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By the time she reached the age of 97, Naomi Gilkerson had outlived everyone in her immediate generation.

She was preceded in death by her parents, all of her siblings and their respective spouses, her husband of 63years, and also Kherson. She was also preceded by her parents-in-law, as well as her brother-in -law and sister-in-law, plus their spouses. Sadly, she also outlived two nephews, a niece-in-law, a granddaughter and an infant great-grandson.

She is survived by her daughter, six grandchildren, 16 great-grandchildren, and one great-great grandson plus numerous nieces, nephews, and their families. Most of this surprising number of descendants and extended kinfolk live in various locations that are not nearby, so her life recently was relatively quiet.

Her daughter spent significant amounts of time with her in the past several years, and stayed in her home with her since shortly before the Covid pandemic, which extended her visit by many months.

The day before Christmas, Naomi did not wake up as usual, to begin her day. She had passed in the night into her eternal home. While of course we miss her a great deal, we are comforted that she was granted her two wishes as to the end of her earthly life. First, she was able to live in her own home, and not have to be someplace that would be strange to her.

And second, she often said that if she got her wish, she would go to bed one night, and just not wake
up in the morning. And so it was. She and her daughter had a normal conversation Wednesday night, and
the next time she saw her mother, she was no longer bound to inhabit
a 97-year-old body.

Yes, we knew that one day we would lose her, but surely no one is never really ready. And so, we move on, and cherish the memories. Those of you that knew her undoubtedly have some precious memories of Naomi. We will be able to look back and be glad she was in our lives, and look forward to one day seeing her in Heaven.

Greer Family Mortuary &
Cremation Services FD-1408 510-865-3755

Craig Russell Knudsen died peacefully at his home in Alameda on March 15, 2021. Born in Berkeley July 28, 1942, the first child of Donald Sidney Knudsen and Eleanor (Halvorsen) Knudsen, Craig lived in Alameda for 78 years, first on Weber Street and then moving at the age of 10 to the house his grandfather built on Alameda Avenue, where we would live the rest of his life.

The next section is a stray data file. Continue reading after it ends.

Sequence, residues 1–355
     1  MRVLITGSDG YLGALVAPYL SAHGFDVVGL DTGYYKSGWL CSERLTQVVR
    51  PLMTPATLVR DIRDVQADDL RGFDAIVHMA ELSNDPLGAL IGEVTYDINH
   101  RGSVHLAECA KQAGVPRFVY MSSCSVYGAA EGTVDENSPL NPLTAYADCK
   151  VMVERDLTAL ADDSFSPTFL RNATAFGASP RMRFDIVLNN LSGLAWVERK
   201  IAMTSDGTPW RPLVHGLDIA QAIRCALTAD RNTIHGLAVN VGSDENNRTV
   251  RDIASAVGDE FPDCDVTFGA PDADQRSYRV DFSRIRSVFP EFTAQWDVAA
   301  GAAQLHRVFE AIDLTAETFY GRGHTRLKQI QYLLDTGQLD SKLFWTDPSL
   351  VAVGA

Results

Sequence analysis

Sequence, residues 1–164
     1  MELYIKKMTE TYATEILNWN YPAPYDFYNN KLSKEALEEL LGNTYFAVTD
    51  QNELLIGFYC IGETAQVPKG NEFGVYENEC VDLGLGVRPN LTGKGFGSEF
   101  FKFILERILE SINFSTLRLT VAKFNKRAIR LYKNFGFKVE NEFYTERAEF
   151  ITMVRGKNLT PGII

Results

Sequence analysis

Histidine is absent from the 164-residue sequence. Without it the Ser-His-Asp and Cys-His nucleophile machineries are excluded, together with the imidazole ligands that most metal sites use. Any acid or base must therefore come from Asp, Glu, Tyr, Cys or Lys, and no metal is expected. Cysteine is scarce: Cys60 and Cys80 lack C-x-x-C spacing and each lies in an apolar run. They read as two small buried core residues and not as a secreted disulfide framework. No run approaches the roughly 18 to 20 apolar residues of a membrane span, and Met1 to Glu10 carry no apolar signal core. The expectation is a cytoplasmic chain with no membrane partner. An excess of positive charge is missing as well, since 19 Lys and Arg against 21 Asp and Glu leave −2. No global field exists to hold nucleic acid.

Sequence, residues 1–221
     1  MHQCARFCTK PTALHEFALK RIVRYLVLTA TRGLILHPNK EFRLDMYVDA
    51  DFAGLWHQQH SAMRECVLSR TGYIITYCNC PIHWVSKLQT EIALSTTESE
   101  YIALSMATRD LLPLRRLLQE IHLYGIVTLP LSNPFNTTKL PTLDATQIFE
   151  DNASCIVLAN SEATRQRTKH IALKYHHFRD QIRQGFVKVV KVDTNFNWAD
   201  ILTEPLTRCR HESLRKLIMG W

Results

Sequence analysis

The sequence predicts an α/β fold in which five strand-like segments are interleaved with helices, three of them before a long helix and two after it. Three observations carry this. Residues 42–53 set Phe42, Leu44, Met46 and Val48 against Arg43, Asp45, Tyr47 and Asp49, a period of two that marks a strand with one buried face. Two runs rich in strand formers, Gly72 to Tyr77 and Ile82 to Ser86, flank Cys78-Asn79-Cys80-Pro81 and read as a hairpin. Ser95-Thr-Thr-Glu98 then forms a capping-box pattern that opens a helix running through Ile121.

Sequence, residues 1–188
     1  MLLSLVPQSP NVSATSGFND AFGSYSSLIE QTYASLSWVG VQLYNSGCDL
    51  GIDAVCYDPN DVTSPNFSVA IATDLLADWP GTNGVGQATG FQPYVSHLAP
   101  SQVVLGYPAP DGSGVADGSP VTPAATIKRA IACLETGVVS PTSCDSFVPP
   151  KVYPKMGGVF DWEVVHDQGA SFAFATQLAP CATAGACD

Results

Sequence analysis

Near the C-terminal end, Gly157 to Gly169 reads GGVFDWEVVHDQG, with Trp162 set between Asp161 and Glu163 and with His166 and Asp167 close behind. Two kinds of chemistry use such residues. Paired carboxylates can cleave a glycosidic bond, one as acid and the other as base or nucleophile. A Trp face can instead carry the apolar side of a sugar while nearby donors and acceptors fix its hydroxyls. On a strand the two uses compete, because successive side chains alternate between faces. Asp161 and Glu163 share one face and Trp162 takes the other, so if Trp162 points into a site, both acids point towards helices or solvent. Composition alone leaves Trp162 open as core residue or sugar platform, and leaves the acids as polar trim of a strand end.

Craig attended Alameda schools and graduated from Alameda High School in 1960 before beginning his career at Metropolitan Life in San Francisco where he started in the mailroom and worked his way up for 25 years before retiring at age 43.

In 1985 he found his true vocation volunteering with the Alameda Red Cross. As a disaster relief worker, Craig was on call at all hours responding to fires, floods, earthquakes and other disasters throughout California, supporting victims and first responders.

He was soon dispatched all over the country, responding to hurricanes and typhoons in Texas, Florida, Puerto Rico, Guam, and the Virgin Islands, as well as floods in Missouri, Illinois, Ohio and West Virginia, often spending weeks helping victims find food, shelter, and medical care.

In 2001 he was among the responders dispatched to the World Trade Center in New York. He also worked as part of the Red Cross Tracing Program, helping Bay Area residents locate family members lost in conflicts from the Holocaust and World War II to Somalia.

Between disasters, Craig tended to needs closer to home, transporting donations to the Alameda Food Bank and Mastick Senior Center multiple times each week.

Craig eventually took a paid position at the Red Cross for several years, receiving the American Red Cross Tiffany Award — the national organization’s highest employee honor — before retiring again and continuing to volunteer. Craig logged more than 4,000 volunteer hours and received numerous recognition awards including a Lifetime Achievement Award from the American Red Cross of the Bay Area.

Craig celebrated his Scandinavian heritage, frequently hosting family from Norway and once driving them from coast to coast to see America. He took pride in flying the Norwegian flag each May 17. He was an active member of the Bjornson Lodge of the Sons of Norway.

Craig loved traveling the world for pleasure as well. He was known for using frequent flier miles earned from his disaster response travel to visit family and friends in Norway, France and Germany. Other favorite trips included Italy, Spain, Portugal, and Argentina. One of his lifelong passions was horse racing. He spent many happy and disappointing hours at racetracks throughout California, Paris and his beloved Saratoga Springs in New York. Trips east often included the fall foliage in Vermont.